This morning, as I ate my breakfast, I realized I was way too tired to go running. In fact, after staring out the window for about ten minutes, I realized that what I needed was a nap. The morning nap is a double edged sword. Sometimes I really need a nap in the morning, but the price of napping early in the morning is that, unless I’m super crazy tired, I’ll become groggy, and spend the rest of the day as a coffee zombie. Today, I was not quite as tired as I thought I was, and I turned into a coffee zombie.
After my nap, I got up, did some work, cleaned, read for a while, Googled my professors for next semester’s classes (I’m taking a class from one of the guys who invented quantum teleportation.… yeah, I know,) and then went to meet a friend for coffee… half an hour late. I’m rarely late for things, mainly because I know that I naturally tend toward lateness. I overcome this tendency by being compulsively early to appointments, classes, meetings, and outings with friends. Today, I was late because – although I knew we were meeting at 4:30 – in my mind I was supposed to leave at 4:30.
Combined with the fact that yesterday I forgot my violin when I left for my violin lesson, I was starting to worry about my mental health. All sorts of possibilities ran through my mind – not enough sleep, too much sleep, the new vitamins I’m taking – and then I realized what the most likely culprit was. I thought about what I’d eaten today: eggs and lentils for breakfast, a bowl of lentils, ham, and sauerkraut for lunch. That’s it. According to my calculations, that’s about 1600 Calories, most of it protein. It sounds about right, for having eaten a third of my allotted food for the day, but when you consider that 1) the Calorie is a ridiculous way of gauging food value*, and 2) eating since has made me feel more awake and like my brain is working, I think it wasn’t enough.
As soon as I got home from missing coffee, I bought a sugary mocha frappucino and a rice crispy square, and I felt like my brain went from around 30% efficiency to 80%. Yes, the caffeine helped, but I had two cups of coffee this morning, and it did very little for me. I’m pretty sure it’s the carbs.
So it seems there are two ways to fix this. First, I could pound down lentils like there’s no tomorrow. I’d guess I would need to double my lentil consumption to get enough carbs. Second, I could start eating some foods with a higher glycemic index (rice, for one.) Either way, I think altering my diet to include more carbs will help.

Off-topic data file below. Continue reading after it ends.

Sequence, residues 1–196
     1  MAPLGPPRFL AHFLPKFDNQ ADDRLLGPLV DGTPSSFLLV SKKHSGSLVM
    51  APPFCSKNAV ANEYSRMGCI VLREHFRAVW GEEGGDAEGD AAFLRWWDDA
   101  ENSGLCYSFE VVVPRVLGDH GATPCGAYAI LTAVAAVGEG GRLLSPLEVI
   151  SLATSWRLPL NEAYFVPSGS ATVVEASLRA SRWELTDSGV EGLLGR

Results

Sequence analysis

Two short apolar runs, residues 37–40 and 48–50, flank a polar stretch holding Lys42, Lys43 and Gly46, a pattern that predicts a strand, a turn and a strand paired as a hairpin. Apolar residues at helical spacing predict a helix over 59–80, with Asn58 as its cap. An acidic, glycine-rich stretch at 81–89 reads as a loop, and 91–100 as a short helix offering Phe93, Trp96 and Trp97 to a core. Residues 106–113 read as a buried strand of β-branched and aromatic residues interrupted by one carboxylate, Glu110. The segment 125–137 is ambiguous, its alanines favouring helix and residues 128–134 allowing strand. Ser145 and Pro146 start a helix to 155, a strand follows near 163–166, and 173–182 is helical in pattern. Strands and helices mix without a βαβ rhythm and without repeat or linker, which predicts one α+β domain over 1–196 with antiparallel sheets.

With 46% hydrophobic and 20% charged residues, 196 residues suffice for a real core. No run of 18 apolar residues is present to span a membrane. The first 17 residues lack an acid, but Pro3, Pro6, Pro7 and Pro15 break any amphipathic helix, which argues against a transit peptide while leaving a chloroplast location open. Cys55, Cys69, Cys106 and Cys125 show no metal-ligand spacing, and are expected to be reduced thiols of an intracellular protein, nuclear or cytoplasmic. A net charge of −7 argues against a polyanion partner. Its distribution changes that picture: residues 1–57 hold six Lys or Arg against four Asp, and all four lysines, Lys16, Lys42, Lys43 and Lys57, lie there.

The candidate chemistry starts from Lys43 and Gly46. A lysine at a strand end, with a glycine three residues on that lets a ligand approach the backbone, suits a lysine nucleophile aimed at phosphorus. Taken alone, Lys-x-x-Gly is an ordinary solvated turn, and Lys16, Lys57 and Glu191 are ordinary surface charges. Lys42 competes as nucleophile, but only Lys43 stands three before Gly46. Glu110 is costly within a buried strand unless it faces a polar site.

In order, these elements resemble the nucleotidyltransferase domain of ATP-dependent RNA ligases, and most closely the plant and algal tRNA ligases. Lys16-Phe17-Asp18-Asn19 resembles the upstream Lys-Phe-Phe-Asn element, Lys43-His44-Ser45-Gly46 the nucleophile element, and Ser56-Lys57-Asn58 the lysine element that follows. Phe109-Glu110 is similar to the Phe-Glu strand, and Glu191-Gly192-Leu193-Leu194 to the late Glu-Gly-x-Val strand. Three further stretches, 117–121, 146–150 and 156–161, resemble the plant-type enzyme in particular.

I think it’s safe to say that today’s segment of Discipline Week was rough, but it was not a failure. Why wasn’t it a failure? After all, I didn’t run, I hardly woke up at 7, and I didn’t accomplish any of the other cornerstones of Discipline Week 2 that I’ve run into so far. It was a success because I learned something. This isn’t just about practising discipline, this is about learning how to be more disciplined. It’s about learning to control my urge to put things off, learning to increase my concentration, and improve my life and studies. Learning that I need to alter my diet in order to stick to my goals is just as valuable – if not more so – than sticking to them in the first place.
Sometimes a failure is even more valuable than a success. When you succeed, you might not necessarily know why. If you can duplicate those circumstances in the future, maybe you can even succeed again. But when you fail, examine your failure, tweak some variables, and try again, you learn more about the problem as a whole. And once you know enough about the problem as a whole, you can manipulate it to your favour.
I’m thinking about converting my morning run into a morning walk. A morning run seems like a big, huge step toward a life goal, and while it’s exciting, I don’t think it’s realistic to jump into it right away. Running at night is fine, but especially this week while my aunt is visiting from Chicago, I know I’m not going to get to sleep in time for a 7:30am run. We’ll see what happens tomorrow.
*I’m no biochemist, but protein, carbohydrates, fat, and fibre are all broken down by the body differently. To try and assign a scalar value to the energy they produce in the human body, or to try and estimate their value seems pretty silly. Also, different people seem to use different nutritional components differently, so to assume that everyone needs X amount of protein, fat, and carbs seems silly as well. Come at me, nutrition majors.